Image: Holiday travelers
Elise Amendola  /  AP file
With inexperienced travelers flying over Thanksgiving and more inexperienced screeners working the airports, you've got a perfect storm of stress and frustration, Travel columnist Rob Lovitt writes.
By Travel writer contributor
updated 11/22/2006 7:05:43 PM ET 2006-11-23T00:05:43

Thirty eight million.

According to the folks at AAA, that’s the estimated number of Americans who will travel more than 50 miles over the Thanksgiving holiday this year. If historical statistics hold true, that means approximately 31 million will drive, 5 million will fly, and 2 million will take the train or other transportation.

In other words, it will only feel like all 38 million are in front of you in line.

They won’t be, of course, but with the busiest travel period upon us, you should still be prepared for hassles and delays. With airfares up, gas prices down, and security measures more confusing than ever, planning ahead is paramount. Whether you’re heading for home, going to Grandma’s, or getting together with friends, here’s a look at what to expect along the way:

On the road
A few years ago, the U.S. Department of Transportation determined that the average long-distance driving trip for Thanksgiving was 214 miles (round trip). Hit the road at the wrong time and what would normally be a few hours’ drive can feel like days.

Not surprisingly, traffic is typically at its worst on Wednesday afternoon as homebound commuters, working truckers, and holiday travelers come together like herds of turtles sporting garlands of red lights. If you can, go Tuesday and you’ll beat the other holiday drivers. If not, wait until Thursday morning and you’ll miss most of the commuters and truckers.

When it’s time to head home, Friday may be your best bet. People who travel short distances for their turkey tend to eat, veg out for a few hours, and beat feet on Thursday evening. Those who go further often stay the weekend, enjoying extra family time and a few more leftovers. Split the difference and your biggest problem may be avoiding getting run over by the sales-crazed masses heading for the mall.

As for gas, the good news is that prices have come down substantially from the summer, dropping from a national average of $2.98 in July to $2.20 in early November. The bad news is they probably won’t slip any further.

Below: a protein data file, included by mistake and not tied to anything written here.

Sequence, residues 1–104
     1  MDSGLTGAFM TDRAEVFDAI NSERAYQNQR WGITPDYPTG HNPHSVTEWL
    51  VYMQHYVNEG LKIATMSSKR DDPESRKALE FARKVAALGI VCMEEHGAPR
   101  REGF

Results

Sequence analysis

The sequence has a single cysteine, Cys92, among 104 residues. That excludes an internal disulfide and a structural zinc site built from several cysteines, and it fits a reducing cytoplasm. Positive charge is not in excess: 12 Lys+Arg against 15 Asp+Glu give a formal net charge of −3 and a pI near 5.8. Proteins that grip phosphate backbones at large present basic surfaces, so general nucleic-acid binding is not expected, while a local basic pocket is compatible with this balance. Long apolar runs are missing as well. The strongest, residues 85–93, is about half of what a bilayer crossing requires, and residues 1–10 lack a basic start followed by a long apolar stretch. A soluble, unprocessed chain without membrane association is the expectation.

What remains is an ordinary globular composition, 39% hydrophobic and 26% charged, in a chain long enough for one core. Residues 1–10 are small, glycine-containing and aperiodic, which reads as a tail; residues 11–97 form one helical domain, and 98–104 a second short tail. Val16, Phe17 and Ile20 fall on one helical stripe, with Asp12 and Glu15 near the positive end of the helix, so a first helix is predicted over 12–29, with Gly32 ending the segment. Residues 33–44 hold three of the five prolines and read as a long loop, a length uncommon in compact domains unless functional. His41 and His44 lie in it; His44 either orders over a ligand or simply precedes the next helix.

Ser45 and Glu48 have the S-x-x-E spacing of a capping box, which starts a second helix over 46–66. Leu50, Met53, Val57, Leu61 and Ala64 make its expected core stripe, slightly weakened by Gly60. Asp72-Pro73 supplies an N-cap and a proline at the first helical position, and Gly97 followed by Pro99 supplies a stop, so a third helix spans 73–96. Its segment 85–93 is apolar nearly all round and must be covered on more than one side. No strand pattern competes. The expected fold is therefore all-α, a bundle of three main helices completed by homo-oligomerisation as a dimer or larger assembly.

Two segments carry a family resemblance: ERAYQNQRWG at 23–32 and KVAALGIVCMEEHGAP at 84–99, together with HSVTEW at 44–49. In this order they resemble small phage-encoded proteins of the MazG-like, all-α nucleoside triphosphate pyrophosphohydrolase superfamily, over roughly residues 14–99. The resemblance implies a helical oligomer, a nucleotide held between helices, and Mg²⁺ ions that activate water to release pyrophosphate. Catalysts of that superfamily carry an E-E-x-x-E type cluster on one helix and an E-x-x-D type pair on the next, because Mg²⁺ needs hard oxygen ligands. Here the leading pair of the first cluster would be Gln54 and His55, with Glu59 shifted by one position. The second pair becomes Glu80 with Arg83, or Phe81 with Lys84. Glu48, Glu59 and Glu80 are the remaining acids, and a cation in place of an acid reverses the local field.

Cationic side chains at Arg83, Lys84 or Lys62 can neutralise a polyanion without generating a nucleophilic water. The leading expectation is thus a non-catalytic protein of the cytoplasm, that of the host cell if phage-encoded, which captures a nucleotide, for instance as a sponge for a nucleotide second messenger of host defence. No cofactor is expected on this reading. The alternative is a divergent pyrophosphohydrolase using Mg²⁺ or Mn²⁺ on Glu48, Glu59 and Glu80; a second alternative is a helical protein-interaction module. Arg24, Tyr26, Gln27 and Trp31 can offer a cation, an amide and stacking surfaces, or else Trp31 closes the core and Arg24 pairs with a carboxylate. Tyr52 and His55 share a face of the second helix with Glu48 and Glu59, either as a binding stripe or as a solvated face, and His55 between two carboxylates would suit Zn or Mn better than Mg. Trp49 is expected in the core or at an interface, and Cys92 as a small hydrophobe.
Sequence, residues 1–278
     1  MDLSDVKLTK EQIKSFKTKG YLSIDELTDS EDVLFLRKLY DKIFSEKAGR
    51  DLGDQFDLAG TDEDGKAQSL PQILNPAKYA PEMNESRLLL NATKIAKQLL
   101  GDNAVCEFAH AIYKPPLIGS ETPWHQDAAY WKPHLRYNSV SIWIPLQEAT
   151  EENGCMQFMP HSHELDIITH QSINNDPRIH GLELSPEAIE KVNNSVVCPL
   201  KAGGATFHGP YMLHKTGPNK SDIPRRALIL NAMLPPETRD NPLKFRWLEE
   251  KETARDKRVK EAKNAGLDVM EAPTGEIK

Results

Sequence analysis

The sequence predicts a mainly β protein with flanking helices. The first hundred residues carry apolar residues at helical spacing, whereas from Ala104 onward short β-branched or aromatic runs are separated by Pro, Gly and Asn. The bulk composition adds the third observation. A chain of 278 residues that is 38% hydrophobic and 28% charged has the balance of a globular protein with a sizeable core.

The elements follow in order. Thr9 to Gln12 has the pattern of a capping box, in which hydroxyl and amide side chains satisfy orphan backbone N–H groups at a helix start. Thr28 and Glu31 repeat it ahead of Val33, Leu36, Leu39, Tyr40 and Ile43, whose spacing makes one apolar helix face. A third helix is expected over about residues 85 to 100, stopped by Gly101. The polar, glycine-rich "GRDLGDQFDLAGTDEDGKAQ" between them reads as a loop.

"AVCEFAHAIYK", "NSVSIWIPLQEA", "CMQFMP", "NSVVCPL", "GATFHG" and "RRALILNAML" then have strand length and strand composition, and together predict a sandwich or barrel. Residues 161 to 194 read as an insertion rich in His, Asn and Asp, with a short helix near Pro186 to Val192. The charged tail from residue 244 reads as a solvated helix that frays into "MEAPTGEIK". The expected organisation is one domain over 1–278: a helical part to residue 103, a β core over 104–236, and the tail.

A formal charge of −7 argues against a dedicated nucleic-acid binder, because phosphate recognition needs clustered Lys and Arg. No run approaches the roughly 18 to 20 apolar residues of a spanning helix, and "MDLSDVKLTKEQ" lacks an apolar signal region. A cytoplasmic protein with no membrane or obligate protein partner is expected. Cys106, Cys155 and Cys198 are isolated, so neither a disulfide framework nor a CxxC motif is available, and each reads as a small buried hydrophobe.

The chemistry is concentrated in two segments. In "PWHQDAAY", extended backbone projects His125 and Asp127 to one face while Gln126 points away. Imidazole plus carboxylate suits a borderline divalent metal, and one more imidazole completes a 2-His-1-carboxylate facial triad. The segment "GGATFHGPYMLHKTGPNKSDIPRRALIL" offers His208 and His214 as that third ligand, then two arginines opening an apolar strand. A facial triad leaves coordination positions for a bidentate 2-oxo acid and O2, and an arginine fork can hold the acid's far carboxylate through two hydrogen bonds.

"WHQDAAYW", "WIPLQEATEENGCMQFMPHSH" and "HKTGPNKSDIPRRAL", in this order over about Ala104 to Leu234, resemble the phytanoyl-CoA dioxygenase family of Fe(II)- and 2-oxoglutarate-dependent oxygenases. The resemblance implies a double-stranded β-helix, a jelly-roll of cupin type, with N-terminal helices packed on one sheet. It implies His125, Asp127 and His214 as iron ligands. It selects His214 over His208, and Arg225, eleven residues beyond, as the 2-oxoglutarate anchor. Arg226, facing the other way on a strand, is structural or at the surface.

In the air
Get ready for a bit of turbulence. With more people flying and no increase in the number of flights, planes are flying fuller than ever. Worse yet, more of your seatmates will likely be infrequent flyers, traveling for the first time since the latest round of security measures were implemented in October. Add in high turnover at TSA (translation: more inexperienced screeners), and you’ve got a perfect storm of stress and frustration.

Please, for the sake of everybody else, know the new security regs and follow them, no matter how annoying or nonsensical they seem. Regarding liquids and gels, the TSA is now promoting what its calling the 3-1-1 rule: 3-ounce containers (or smaller) in one quart-sized, clear-plastic, zip-topped bag, and only one such bag per person, to be placed in a screening bin.

Don’t — I repeat, don’t — put three ounces of shampoo in a six-ounce bottle or additional bottles in a second zip-topped bag. Both are no-nos. Of course, even if you follow the rules assiduously, be prepared for long, slow lines. I guarantee somebody somewhere up the line won’t have gotten the memo.

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On a happier note, Thanksgiving Day and the day after are relatively quiet days for air travel, which means there may still be seats available at surprisingly reasonable prices. Earlier this month, Northwest Airlines announced a “Super Bargain Day” sale designed to fill those empty seats, and several other airlines have followed suit. Naturally, seats are limited and restrictions apply.

On the rails
Not surprisingly, perhaps, Thanksgiving is also the busiest time of year for train travel. In fact, Amtrak ridership during the week around the holiday is expected to jump 30 percent over the average week — and 80 percent on the Wednesday before Thanksgiving vs. the average Wednesday.

In anticipation, the company is adding 63 extra trains to its holiday schedule. Look for additional runs between New York and Washington, Harrisburg and Philadelphia, Chicago and St. Louis, and Seattle and Portland. In California, additional cars will be added to select runs on the San Joaquin and Pacific Surfliner routes.

Note, too, that reservations will be required on the Surfliner during the holiday week — it’s usually non-reserved — echoing Amtrak service in the Northeast, which is all-reservation all the time. Advance reservations are not required on most other routes, but they are highly recommended.

Finally, keep in mind that security screening is not just for air travelers any more. This month, for example, TSA is performing random checks for explosives for train travel in Buffalo, N.Y. It’s only a pilot program, and it’s expected to end after the holiday, but it still suggests that packing extra patience will be a good idea wherever you’re heading.

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